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They are wriggly, slimy and legless. And Rachunliu Kamei conserves them

Rachunliu with children during a hands-on demonstration   | Photo Credit: Rachunliu Gaiduwani Kamei

During the monsoon, when the Northeastern States become the earth’s wettest places, Rachunliu Gaiduwani Kamei dons rubber boots, picks up her favourite spade, and sets out to work. She spends the whole day tirelessly digging the soaked soil, turning over the decaying logs and vegetation in streams, forests, fields and remote villages. She is not hunting for treasure or digging graves, as amused villagers who watch her believe. She is hunting for the wriggly, slimy, legless creatures called caecilians.

“They are some of the least studied vertebrates in the world,” she says. Chun, as the wildlife biologist prefers to be called, has made caecilian research her specialty.

Her work has shed valuable light on these reclusive underground creatures that most of us have never heard about. Chun hadn’t either. “I learnt about caecilians very late in life, when I began my doctoral research at the University of Delhi,” she says.

Why caecilians? The decision was more practical than passionate, Chun recalls. Hardly anyone had studied these amphibians of the Northeast. Being a Rongmei tribal, born and raised in Nagaland, would give her an edge, she realised. Her latest find is a stunning ruby-red, worm-like creature, and it has hogged the limelight internationally. Chun stumbled across the 17cm long sliver while digging near the famous Double Decker Living Root Bridge in Meghalaya’s Nongriat village. In the lab, microscopes revealed it to be a swamp eel, a kind of bony fish that thrives only in marshy soil. They named it Monopterus rongsaw: ‘rongsaw’ means ‘red’ in Khasi.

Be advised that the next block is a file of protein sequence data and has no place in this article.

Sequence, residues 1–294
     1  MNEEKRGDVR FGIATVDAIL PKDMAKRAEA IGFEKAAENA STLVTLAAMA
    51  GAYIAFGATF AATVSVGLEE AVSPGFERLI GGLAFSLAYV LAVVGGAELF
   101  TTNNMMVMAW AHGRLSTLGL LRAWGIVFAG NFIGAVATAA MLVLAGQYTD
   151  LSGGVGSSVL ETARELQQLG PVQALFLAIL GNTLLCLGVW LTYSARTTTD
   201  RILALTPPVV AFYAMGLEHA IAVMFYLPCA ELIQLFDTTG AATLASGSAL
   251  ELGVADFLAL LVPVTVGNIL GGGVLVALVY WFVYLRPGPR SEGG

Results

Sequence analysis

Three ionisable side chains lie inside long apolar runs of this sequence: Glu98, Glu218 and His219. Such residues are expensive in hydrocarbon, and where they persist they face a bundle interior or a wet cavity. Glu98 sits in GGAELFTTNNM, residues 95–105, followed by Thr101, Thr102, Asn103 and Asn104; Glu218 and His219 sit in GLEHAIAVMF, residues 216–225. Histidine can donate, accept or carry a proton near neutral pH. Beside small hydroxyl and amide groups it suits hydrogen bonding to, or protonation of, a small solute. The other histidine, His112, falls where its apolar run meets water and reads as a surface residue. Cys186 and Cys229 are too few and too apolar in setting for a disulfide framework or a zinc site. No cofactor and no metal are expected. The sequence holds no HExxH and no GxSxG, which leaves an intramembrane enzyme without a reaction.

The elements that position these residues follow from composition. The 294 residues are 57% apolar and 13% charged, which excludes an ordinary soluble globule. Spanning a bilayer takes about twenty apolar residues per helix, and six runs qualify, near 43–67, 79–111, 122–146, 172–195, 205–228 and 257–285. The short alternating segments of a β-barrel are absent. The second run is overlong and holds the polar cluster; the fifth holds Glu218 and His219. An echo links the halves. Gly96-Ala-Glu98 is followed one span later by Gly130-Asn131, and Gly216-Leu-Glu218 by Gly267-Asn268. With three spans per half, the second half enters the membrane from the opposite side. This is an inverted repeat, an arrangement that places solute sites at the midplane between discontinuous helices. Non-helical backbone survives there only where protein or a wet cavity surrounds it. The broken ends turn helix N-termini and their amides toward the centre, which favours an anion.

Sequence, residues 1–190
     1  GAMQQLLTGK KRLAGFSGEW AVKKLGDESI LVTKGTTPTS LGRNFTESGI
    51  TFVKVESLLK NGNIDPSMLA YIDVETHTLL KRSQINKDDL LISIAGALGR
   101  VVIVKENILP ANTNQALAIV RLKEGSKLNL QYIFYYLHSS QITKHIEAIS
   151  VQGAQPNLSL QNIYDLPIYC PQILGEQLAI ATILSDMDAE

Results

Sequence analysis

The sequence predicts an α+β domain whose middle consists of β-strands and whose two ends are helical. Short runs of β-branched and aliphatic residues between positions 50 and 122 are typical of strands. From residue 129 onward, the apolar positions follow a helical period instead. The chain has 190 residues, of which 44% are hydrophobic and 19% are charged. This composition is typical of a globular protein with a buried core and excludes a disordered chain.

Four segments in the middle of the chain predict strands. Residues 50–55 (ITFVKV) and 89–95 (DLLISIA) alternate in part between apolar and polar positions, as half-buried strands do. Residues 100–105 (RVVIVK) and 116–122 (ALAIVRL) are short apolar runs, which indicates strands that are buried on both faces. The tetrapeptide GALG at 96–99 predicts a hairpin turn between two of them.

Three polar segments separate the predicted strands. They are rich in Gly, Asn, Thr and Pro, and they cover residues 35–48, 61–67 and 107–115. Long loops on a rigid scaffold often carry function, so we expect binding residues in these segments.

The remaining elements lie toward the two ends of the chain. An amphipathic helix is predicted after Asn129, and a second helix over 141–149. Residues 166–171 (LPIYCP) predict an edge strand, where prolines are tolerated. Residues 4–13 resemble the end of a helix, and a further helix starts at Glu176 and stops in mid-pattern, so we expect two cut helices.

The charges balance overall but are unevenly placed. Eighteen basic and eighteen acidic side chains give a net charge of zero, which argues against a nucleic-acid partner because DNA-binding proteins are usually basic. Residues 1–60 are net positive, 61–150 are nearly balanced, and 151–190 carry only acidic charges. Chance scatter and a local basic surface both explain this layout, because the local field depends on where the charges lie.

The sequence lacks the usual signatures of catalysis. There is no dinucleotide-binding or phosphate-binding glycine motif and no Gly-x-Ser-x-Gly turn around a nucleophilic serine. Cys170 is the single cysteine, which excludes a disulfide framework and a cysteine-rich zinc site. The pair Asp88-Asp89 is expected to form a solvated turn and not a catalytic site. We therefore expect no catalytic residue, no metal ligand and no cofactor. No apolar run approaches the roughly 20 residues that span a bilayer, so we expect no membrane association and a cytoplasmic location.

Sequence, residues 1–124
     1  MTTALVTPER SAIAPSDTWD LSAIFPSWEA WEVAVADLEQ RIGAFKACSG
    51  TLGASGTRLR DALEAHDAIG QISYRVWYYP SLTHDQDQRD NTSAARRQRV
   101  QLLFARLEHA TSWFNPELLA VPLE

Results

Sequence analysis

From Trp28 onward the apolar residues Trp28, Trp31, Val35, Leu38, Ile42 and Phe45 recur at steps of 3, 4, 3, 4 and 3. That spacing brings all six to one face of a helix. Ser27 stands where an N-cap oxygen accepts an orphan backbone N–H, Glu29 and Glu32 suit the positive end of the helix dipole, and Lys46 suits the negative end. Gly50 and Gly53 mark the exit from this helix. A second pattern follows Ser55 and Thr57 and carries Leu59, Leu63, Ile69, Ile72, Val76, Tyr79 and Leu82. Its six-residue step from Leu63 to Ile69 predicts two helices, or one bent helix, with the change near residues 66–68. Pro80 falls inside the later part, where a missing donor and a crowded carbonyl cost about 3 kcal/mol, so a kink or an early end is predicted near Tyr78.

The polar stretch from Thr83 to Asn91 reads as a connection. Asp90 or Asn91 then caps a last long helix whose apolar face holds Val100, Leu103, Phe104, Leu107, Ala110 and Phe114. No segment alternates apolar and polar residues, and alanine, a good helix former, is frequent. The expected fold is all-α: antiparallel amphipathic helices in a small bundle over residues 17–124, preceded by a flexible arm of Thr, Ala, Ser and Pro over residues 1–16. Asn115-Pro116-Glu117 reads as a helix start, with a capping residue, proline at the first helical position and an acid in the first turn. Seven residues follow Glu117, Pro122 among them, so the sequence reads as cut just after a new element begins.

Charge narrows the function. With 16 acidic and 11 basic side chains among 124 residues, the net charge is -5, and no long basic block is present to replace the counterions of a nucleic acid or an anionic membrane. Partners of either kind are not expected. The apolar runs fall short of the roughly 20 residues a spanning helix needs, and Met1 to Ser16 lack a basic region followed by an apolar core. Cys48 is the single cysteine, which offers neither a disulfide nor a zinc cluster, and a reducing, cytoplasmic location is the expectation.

Local pride

“I prefer to name species in the local language or after the village where we found it,” says Chun. “I want to bring a sense of pride to the local community who live with these animals.”

Conservation is extremely crucial for the caecilians of the Northeast: the non-venomous earthworm-eaters are likened to snakes, and people instinctively kill caecilians when they see them.

As Chun discovered the disturbingly large number of such killings, she realised it was crucial to create public awareness. Travelling with a battery-operated projector (many villages she visited were not even electrified), she took caecilians to local communities in a public outreach project four years ago. She spoke to more than 6,000 students, farmers, bureaucrats and researchers about the worm lookalikes.

She invited villagers to be part of her digging missions, and handed out live, squirming caecilians to children to hold so that people would realise how harmless these almost-blind amphibians are. “We barely know enough about the existing species of caecilians to know how to protect them effectively. But my findings have made me extremely passionate about communicating this biodiversity to the world.”

There have been challenges. Civil strife and curfews prevented Chun from conducting talks at schools in Imphal in Manipur and Tura in Meghalaya, for two successive years. Long hours of digging have given her a back problem, while athlete’s foot is common on field trips.

And it’s not just caecilians. Chun’s surveys have yielded several frog finds, which include two new stream-dwelling torrent frogs from Nagaland in 2010, a new genus of tree-dwelling frogs from four northeastern States in 2016, and four new horned frogs from across the Northeast, a discovery published just this month.

There are many more natural treasures in the Northeast, says Chun. In 2012, when she found the Chikilidae family of caecilians, whose nearest relatives live thousands of miles and an ocean away in Africa, it made news, and National Geographic Society put it in their top 10 scientific discoveries of the year. It’s obvious that slowly but surely, Chun is digging her way to fame.

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Printable version | Jan 19, 2022 11:25:23 PM |

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